The Fox team has also been rallied by their Benghazi enablers in Congress, with Sen. John McCain (R-AZ) insisting Ailes "deserves credit" if there's a full Benghazi investigation. "Thank God for Fox," cheered Benghazi critic Sen. Lindsey Graham (R-SC).
But even the most cursory review of Fox's obsessive Benghazi coverage reveals it to be a train wreck of epic proportions. In fact, it represents a textbook study in why people, and especially journalists, should use extraordinary caution whenever they're tempted to take seriously Fox's editorial content.
Fox News' media criticism program continued the network's promotion of Zev Chafets' biography of Fox News president Roger Ailes, Roger Ailes: Off Camera, with a segment that did not examine or discuss the book's substance. Instead, Fox News Watch re-ran a friendly interview with Chafets and attacked critics of Ailes.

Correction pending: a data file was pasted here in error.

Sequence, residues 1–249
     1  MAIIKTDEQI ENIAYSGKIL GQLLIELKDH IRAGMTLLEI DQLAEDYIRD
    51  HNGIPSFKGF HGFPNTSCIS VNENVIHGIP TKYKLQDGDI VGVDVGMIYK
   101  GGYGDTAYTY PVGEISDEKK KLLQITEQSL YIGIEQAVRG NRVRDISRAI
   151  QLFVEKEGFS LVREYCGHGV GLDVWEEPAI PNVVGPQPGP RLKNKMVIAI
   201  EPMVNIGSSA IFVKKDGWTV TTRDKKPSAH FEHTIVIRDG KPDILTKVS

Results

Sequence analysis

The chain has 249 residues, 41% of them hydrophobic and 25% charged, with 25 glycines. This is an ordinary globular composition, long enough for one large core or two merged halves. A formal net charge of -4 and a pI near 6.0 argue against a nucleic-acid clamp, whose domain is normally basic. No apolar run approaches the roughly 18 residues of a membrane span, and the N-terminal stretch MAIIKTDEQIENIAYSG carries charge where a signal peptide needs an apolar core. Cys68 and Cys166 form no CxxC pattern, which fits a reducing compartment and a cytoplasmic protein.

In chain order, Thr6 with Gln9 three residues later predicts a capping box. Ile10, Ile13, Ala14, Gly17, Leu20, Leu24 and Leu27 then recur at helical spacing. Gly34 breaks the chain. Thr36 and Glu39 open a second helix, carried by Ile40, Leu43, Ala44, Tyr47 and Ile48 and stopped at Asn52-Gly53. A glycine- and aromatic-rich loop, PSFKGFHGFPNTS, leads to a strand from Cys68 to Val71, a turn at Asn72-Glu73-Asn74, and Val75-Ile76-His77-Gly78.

On the March 23 edition of Fox News Watch, anchor Jon Scott remarked that the book was getting "lots of media attention." Scott then defended Ailes' claim that President Obama described himself as "lazy," a misrepresentation of Obama's remarks.
Zev Chafets wants you to know that some of Roger Ailes's best friends are black.
He makes that point repeatedly throughout his latest tome, Roger Ailes: Off Camera, the product of a year of unprecedented access to Roger Ailes, his employees at Fox News, and his friends and family.
The result is largely an amalgamation of anecdotes that lets its subject off the hook for the most controversial aspects of his 40-year career, either by whitewashing them from the record entirely or by deflecting the reader with misdirection.
Roger Ailes is friends with Jesse Jackson, and he's friends with David Dinkins, Chafets writes, making no mention of the race-baiting ads Ailes ran against the former New York City mayor - designed to exacerbate tensions between the city's black and Jewish populations.